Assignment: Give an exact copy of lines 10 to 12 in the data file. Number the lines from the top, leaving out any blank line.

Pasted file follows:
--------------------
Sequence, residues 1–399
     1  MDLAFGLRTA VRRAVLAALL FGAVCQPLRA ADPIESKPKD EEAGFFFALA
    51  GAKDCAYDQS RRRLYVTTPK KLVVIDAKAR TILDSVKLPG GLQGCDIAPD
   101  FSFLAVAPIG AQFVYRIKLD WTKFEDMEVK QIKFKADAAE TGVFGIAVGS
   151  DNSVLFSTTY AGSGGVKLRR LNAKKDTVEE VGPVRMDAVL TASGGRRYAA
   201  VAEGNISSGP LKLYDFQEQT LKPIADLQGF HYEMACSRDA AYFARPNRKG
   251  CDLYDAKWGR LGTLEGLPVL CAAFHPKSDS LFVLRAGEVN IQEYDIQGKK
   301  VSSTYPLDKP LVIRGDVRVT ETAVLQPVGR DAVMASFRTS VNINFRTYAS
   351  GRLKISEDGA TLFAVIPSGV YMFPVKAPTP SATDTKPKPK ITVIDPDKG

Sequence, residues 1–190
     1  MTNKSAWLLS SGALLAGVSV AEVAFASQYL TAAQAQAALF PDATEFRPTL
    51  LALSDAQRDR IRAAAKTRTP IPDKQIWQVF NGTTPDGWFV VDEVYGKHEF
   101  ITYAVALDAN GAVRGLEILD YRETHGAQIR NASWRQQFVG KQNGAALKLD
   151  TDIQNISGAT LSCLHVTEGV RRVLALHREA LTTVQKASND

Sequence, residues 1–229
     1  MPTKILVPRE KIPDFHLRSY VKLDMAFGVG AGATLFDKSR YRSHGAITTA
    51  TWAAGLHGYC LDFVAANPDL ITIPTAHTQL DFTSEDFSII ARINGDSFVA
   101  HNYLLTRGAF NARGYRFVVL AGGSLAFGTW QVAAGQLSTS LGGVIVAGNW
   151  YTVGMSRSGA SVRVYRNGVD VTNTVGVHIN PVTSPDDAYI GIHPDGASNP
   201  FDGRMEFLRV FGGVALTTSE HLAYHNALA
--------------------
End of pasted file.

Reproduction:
Sequence, residues 1–190
     1  MTNKSAWLLS SGALLAGVSV AEVAFASQYL TAAQAQAALF PDATEFRPTL
    51  LALSDAQRDR IRAAAKTRTP IPDKQIWQVF NGTTPDGWFV VDEVYGKHEF